Your Employees Want Your Feedback

According to a February 4, 2022 report by the Society for Human Resource Management (SHRM), employee engagement fell in 2021 for the first time in ten years. Their report was based on the findings of Gallup's Employee Engagement Survey. The elements that changed the most were things like clarity of expectations, having the right materials and equipment to do work, having an opportunity to do what I do best at work.

One of the tools to increase employee engagement is regular constructive feedback. The truth is that people are not afraid of feedback. In fact,  they want more of it. Harvard Business School undertook a series of experiments to address how much people really want feedback and how willing people are to give it.

The results from the five experiments they conducted were all in agreement: People underestimate how willing others are to receive feedback.

Methodology and Results

Pilot Experiment: only 2.6% of participants pointed out to the research assistant that she had a chocolate or lipstick smudge on her face. This surprised the researchers and they decided to investigate further.

Experiment 1: The researchers asked participants to imagine giving or receiving feedback about 10 different workplace situations. Again, those who imagined giving the feedback underestimated how much the receiver wanted the feedback, especially when the feedback was about something more serious, such as sounding rude in emails or making an error in a report. The results were more pronounced when the feedback giver reported feeling uncomfortable giving the feedback or didn't feel that their feedback was important.

Experiment 2: The researchers asked participants to recall a time when they had the potential to give feedback or the potential to receive feedback. Again, the participants reported wanting more feedback than they estimated others wanted.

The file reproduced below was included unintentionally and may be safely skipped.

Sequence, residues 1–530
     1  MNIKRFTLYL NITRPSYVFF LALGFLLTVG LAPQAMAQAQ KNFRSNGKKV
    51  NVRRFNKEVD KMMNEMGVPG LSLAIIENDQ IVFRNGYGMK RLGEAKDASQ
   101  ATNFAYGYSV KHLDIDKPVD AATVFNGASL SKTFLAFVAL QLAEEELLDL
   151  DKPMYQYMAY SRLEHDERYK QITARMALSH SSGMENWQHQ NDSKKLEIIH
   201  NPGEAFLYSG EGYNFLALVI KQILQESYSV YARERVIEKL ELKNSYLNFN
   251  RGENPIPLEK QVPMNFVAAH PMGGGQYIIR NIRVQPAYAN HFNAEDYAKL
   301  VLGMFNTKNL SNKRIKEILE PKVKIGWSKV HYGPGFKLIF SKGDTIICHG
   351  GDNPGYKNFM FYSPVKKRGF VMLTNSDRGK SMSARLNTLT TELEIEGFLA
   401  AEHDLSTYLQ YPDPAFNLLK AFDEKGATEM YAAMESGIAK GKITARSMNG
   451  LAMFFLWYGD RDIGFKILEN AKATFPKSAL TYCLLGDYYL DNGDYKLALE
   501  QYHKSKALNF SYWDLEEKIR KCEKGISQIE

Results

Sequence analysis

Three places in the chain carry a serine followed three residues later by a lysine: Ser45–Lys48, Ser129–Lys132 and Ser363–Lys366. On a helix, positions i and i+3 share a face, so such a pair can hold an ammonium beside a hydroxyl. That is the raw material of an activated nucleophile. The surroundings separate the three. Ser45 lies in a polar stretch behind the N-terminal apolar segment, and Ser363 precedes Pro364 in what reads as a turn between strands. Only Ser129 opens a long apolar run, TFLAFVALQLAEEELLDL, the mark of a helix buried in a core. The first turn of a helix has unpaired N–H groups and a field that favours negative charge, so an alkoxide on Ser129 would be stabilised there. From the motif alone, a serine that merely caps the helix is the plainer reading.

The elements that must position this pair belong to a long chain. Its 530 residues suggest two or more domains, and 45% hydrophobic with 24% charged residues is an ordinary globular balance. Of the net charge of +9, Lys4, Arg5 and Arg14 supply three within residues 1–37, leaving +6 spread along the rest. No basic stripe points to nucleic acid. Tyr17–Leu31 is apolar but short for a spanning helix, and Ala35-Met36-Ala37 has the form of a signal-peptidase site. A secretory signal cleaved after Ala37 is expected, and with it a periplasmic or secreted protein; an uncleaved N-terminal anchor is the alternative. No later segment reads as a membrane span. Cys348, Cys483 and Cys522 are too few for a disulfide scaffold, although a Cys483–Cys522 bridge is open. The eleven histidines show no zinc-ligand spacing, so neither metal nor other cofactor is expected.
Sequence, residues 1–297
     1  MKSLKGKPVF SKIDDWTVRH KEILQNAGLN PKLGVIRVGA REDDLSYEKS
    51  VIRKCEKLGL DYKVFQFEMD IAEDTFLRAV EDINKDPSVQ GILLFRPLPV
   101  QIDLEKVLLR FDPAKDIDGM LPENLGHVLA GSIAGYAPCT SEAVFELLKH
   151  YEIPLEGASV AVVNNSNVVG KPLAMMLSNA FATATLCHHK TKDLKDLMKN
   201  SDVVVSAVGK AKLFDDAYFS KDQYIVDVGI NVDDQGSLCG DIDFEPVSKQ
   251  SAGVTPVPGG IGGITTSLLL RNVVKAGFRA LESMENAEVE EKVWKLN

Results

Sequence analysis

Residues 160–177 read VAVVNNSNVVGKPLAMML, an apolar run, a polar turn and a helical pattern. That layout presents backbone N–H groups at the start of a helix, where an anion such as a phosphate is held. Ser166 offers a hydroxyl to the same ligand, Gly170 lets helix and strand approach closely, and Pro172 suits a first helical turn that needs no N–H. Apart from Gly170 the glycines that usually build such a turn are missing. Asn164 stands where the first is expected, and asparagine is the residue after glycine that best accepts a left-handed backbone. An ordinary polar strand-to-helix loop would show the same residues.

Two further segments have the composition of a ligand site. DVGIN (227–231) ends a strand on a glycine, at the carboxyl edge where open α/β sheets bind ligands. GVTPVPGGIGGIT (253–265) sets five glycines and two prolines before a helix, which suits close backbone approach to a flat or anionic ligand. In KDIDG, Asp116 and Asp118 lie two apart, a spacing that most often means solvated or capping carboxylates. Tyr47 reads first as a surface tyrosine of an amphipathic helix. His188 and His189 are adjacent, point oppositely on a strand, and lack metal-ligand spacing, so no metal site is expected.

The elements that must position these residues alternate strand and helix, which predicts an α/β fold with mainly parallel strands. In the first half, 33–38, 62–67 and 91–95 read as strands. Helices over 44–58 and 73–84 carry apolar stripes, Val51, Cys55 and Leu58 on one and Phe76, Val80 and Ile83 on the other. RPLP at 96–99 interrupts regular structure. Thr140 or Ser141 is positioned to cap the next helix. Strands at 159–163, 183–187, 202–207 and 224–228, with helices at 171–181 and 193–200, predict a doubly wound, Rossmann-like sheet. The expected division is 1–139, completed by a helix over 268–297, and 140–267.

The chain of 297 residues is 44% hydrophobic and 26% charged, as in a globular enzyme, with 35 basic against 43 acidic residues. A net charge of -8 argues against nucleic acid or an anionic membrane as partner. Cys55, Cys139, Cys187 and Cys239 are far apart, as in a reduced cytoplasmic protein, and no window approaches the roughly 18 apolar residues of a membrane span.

Experiment 3: This was a real feedback situation where one participant provided feedback they genuinely wanted to share to an actual roommate, friend, or romantic partner. Again, the person providing the feedback underestimated how much the receiver of the feedback would want to hear it.

Experiment 4: The participants were asked to recall a time when they did something important incorrectly without realizing it or a time when they saw someone else do something important incorrectly. 561 people out of 600 surveyed could recall such a time. When participants were asked to take the perspective of the person who was to receive the feedback, the giver-receiver gap closed!

Experiment 5: This experiment was an actual situation where feedback would be provided. One participant of the pair practiced giving a speech while the other participant provided feedback. Before they started practicing the speech and again after the practice speech but before feedback was provided, the speakers were asked how much they wanted to receive the feedback. As the time for feedback approached, their desire to receive feedback grew. And again, the person providing the feedback underestimated how much the speaker wanted the feedback. The results also show that those who did receive more feedback presented a better final speech.


"The most effective managers define and discuss the explicit and implicit expectations for each employee. They paint a picture of outstanding performance and help employees recognize how their work leads to the success of their coworkers, their business area and the entire organization."

Feedback improves performance. This was evidenced in experiment 5 where those who had received more feedback did better on their final speech.

People want feedback. All five experiments showed this.

If you're hesitant about giving feedback, try taking the other person's perspective. The person most probably wants to receive it.

"The most effective leaders create a recognition-rich environment with praise coming from multiple sources at multiple times. The best managers learn how individuals like to be recognized, and they recognize them timely and often for achieving their goals and demonstrating high performance. They also explain why their performance matters."


Abi-Esber, N., Abel, J. E., Schroeder, J., & Gino, F. (2022). “Just letting you know … ” Underestimating others’ desire for constructive feedback. Journal of Personality and Social Psychology. Advance online publication.

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